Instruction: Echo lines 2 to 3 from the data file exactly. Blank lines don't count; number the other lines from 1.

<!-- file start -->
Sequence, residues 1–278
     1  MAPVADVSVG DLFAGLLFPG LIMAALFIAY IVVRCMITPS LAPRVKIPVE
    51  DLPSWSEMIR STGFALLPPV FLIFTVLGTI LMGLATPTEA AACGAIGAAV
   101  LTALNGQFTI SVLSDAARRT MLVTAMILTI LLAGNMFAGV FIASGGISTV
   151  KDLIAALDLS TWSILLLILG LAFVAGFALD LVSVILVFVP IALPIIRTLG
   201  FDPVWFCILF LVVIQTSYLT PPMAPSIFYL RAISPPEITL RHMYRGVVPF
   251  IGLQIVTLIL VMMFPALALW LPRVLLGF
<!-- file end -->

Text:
     1  MAPVADVSVG DLFAGLLFPG LIMAALFIAY IVVRCMITPS LAPRVKIPVE
    51  DLPSWSEMIR STGFALLPPV FLIFTVLGTI LMGLATPTEA AACGAIGAAV